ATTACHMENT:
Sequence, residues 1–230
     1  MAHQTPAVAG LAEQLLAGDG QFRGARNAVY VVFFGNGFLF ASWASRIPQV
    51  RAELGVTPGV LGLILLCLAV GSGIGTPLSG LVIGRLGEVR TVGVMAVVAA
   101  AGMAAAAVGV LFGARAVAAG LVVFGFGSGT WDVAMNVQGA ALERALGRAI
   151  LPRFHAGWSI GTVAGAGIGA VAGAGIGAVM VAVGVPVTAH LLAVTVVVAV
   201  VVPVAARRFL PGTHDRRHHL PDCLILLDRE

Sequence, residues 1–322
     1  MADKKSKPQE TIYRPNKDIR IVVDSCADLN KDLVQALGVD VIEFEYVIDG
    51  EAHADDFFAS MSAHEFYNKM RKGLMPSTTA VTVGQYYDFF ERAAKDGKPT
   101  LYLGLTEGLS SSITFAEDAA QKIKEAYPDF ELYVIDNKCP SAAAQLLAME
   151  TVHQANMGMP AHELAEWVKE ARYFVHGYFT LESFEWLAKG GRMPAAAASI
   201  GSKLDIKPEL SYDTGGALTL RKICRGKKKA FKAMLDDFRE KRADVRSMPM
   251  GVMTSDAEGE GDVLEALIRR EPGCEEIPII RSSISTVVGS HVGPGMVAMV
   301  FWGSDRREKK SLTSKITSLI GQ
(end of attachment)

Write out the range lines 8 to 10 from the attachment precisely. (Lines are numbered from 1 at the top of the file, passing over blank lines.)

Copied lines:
     1  MADKKSKPQE TIYRPNKDIR IVVDSCADLN KDLVQALGVD VIEFEYVIDG
    51  EAHADDFFAS MSAHEFYNKM RKGLMPSTTA VTVGQYYDFF ERAAKDGKPT
   101  LYLGLTEGLS SSITFAEDAA QKIKEAYPDF ELYVIDNKCP SAAAQLLAME